The Stories We Tell Ourselves



A new year can feel like a fresh start, a clean slate. We dust off those dreams that fell by the wayside and away we go!

But maybe once we’ve named and claimed our sparkling visions for our future, we start to backpedal. Our fears and self-doubt pierce through like a pin to a balloon and pop!– we’re deflated. Whether it’s a plan for our health, creativity, career, relationships, finances, or fill-in-the-blank, our oomph can get replaced with thoughts like:

  • Who am I kidding? I can’t stick to that. I won’t follow through.
  • I haven’t done it yet, so why should this time be any different?
  • I shouldn’t have told anyone about it. It’s embarrassing to let myself down again.

When our inspiration gets overridden it’s usually an inside job. Our thoughts have a way of circling back to our past hurts, our perceived failures and shortcomings, our “bad” habits. We start to believe that our problems are who we are.

I recently attended a workshop* on Narrative Therapy**, a collaborative approach that sees each of us as the expert on our own life. It highlights that these “problem stories” we tell ourselves perpetuate our unhelpful beliefs about who we are and what we’re capable of (or what we’re not capable of). It invites us to view these problem stories as separate from us.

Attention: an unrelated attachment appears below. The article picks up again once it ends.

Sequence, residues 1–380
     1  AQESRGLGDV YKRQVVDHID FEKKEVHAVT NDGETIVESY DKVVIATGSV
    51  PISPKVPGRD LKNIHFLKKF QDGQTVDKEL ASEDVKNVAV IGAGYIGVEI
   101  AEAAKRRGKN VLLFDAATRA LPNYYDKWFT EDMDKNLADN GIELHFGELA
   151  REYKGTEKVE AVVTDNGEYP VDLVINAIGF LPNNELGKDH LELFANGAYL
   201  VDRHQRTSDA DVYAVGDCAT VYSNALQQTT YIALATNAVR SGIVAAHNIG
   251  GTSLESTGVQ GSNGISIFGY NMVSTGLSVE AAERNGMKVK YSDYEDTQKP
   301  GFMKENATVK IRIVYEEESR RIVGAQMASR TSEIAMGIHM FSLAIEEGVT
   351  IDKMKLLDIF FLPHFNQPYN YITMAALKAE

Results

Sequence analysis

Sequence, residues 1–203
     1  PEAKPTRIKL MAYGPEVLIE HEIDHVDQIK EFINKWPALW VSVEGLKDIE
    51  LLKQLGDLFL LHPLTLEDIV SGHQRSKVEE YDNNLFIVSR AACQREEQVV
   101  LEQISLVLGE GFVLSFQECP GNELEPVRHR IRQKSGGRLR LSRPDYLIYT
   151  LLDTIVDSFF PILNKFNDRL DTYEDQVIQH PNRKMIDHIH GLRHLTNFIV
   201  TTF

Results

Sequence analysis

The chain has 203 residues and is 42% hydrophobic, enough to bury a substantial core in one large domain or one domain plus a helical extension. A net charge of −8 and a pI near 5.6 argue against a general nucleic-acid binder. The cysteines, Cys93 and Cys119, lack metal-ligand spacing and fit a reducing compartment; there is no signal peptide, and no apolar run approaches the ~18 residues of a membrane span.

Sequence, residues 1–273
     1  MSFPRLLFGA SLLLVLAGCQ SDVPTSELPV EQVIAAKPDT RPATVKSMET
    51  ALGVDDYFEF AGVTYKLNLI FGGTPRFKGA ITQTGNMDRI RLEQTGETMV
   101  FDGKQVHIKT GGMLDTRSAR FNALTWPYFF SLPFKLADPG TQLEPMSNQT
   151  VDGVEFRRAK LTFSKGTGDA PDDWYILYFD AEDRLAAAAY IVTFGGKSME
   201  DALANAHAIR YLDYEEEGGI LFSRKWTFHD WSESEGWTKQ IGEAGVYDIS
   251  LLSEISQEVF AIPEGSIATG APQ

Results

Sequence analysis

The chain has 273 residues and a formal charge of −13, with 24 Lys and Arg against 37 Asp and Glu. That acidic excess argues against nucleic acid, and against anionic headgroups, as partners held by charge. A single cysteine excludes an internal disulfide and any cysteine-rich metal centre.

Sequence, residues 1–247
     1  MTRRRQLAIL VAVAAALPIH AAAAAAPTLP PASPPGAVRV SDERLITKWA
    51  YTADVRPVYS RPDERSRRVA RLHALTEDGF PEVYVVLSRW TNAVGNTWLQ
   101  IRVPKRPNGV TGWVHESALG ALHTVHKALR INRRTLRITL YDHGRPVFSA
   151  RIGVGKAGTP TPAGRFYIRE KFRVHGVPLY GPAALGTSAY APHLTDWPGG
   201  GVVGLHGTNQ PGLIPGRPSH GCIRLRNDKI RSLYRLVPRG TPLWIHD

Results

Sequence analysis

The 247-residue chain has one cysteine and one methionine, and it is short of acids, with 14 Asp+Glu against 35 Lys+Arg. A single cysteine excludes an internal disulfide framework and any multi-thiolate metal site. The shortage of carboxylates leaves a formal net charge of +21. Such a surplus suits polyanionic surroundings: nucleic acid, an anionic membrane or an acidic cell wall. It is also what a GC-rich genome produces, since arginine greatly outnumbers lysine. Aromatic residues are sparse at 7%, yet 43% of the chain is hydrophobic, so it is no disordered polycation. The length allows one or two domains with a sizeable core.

I appreciate that the Narrative approach supports us in developing and strengthening our “preferred stories.” These are the stories that focus on our past successes, what’s working, and who we’ve got in our corner, journeying with us or cheering us on. It encourages us to identify our hopes and intentions for the future and the traits and skills we possess to help us get there.

I wonder what we could create, achieve or be if we could let go of—or even just loosen our grip on—those pesky problem stories we’ve been telling ourselves. We can’t control everything in our lives but we can choose what to focus on.

Imagine the peace we’d feel if our preferred stories included knowing that we are God’s beloved children, that God is always with us, and that God has a beautiful plan for our lives.

This year I am going to do my best to keep my eyes set on preferred stories like these. Maybe you’d like to join me?


* Narrative Journeys: Navigating Our Way, facilitated by Maggie Carey of Narrative Practices Adelaide for Angela Voght’s Sage Narrative Practice and funded by the BC Responsible and Problem Gambling Program

** Developed by Michael White and David Epston